Monday, November 17, 2008

Vacation with Darrell, part 1

photos later - my computer is having problems with Blogspot
The inadequacy of writing implements
Darn. I’ve lost my fountain pen. Misplaced it. It can’t be lost. I just haven’t looked for it in the right place yet.
The usual places I’ve looked. Like the pocket of my shoulder bag and the fountainpenbox next to the dining table. (There are times I wished I spoke German for real. They have so much fun with their words, the way they just run all the adjectives together into gigantic nouns.) Even the pockets of my backpack, and the other backpack. Not there. I must have put it somewhere strange. Or left it out and the cats have put it under the couch with all their other toys.
So I bought this replacement pen, a rollerball that is supposed to have an extra-fine point. For the unctuous flow of liquid ink plus the superfine control of a ballpoint for lots of characters per inch.
Yeah right.
Trust me, the handwritten version is much less pretty than Times New Roman.
It’s a good thing there’s a bic in my purse always for working diabolic sudokus while waiting for the bus. Not so beautiful, but I can’t stand having to write in huge loopy gestures. Makes my handwriting degenerate, and we don’t want that.
On board the 17:25 to Paris I’m all set: journal, choice of pens, water, snackage, knitting. Extra yarn.
Heading up to Paris tonight may not be strictly necessary, but when it comes to meeting my brother at the airport relatively early in the day, I’d rather be safe than sorry. The train people have been having too many problems lately and with me not having a cell phone I’d rather just buy peace of mind with my hotel room.
After all, I haven’t forgotten the summer of ’95.
That’s the year I was in New Haven and decided to take a road trip summer vacation swinging through upstate New York to see Marie, through Boston dropping her off with friends, then up to Maine for a few days B&B on the coast. Darrell was in school in Indianapolis at the time and was to meet me in Boston for the Maine part of the trip.
I get to Marie’s and we mess around on most every small highway we cross, stopping at myriad yarn shops and antique malls. It’s a wonder we make it from Ithaca to Boston in less than a week, let alone in just 2 days.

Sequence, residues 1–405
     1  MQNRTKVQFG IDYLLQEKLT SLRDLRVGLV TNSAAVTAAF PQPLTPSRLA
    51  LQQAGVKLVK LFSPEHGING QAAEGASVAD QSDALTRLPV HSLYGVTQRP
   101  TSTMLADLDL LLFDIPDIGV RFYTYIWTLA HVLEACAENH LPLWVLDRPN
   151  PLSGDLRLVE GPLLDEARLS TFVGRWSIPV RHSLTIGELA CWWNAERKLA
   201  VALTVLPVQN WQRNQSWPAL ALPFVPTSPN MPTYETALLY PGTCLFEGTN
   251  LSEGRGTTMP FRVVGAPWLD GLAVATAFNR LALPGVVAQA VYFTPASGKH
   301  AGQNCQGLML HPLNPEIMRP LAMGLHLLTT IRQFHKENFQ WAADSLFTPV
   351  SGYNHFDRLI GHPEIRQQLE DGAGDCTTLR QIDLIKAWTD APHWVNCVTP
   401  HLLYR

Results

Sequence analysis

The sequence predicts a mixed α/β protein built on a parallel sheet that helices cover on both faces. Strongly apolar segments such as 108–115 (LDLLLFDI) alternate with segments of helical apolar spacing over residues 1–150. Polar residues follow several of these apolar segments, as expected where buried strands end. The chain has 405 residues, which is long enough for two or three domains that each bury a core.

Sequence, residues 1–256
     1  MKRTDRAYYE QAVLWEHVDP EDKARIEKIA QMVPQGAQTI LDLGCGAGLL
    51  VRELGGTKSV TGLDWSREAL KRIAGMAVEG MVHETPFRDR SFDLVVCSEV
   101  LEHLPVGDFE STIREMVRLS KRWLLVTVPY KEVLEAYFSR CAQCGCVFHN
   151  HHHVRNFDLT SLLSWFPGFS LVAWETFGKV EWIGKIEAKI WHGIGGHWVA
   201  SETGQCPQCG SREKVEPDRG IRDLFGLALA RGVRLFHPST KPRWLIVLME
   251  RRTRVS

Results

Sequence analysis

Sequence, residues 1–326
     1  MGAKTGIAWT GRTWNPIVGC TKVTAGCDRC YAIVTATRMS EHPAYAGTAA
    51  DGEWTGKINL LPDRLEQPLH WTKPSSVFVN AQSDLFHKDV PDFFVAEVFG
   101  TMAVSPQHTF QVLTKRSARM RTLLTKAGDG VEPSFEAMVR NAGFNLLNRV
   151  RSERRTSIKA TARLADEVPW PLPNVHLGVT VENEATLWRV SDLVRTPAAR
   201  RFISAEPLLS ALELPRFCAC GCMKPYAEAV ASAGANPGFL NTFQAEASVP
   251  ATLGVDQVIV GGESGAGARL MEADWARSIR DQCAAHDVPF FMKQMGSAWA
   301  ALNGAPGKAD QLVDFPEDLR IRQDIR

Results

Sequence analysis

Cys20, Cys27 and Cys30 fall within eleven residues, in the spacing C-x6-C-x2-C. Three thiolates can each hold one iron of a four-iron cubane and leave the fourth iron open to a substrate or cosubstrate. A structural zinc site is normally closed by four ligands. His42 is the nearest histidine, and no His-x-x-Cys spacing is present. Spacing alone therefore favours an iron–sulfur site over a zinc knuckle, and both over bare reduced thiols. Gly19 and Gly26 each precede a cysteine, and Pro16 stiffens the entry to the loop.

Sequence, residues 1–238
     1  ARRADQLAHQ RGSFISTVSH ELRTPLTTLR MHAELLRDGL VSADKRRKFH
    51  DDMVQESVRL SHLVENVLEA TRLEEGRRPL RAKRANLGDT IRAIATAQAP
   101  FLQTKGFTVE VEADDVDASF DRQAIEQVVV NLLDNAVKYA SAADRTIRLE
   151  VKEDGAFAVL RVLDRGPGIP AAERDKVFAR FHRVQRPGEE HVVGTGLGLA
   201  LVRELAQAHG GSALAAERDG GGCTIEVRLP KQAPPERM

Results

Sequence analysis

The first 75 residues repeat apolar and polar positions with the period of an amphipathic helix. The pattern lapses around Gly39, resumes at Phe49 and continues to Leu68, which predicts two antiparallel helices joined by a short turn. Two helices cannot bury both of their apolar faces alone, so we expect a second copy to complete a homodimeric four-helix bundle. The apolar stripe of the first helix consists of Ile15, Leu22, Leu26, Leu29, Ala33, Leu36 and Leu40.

After spending the night with friends, I go to Logan airport in time to meet the flight from Indianapolis. No Darrell. Next flight, no Darrell. Other airlines, no Darrell. He’s not on anybody’s list. He’s nowhere.
So I call him, and his colleagues say ‘oh yeah, he’s on vacation with his sister’.
I go round and round in circles at the airport. I have him paged. Many times. No response.
It starts to get late, and the reservation in Maine is not refundable. I call up there, but they have no messages for me. It’ll take hours to drive there. Eventually, I decide to leave messages everywhere - with Marie, the airline, the b&b, his lab, everybody, and start to head north, checking in with people every hour or so.
Finally, I catch someone in Indy who knows Darrell better.
“He left a couple of days ago.”
A couple of days ago??
Suddenly I turn pale and get all lightheaded. I had in fact said he could meet me today, just in time to head for Maine, or he could join us in Boston on Monday, if he could stand Marie and her crowd that long, and see the city with us. Only, I could have sworn he took the Wednesday option. Really.
When I get to Bar Harbor, Darrell himself is on the line.
Yeah, he thought we’d arranged to meet on Monday. He waited for me at the airport for hours. He called Marie’s but we had gone. He called me, but I don’t even remember the code to pick up my messages from afar. Not that I thought I had reason to. So he got a room in a hostel, saw a bit of Boston on his own, and caught a bus home.
Shit. I stood him up. Invited my brother on vacation and then didn’t show.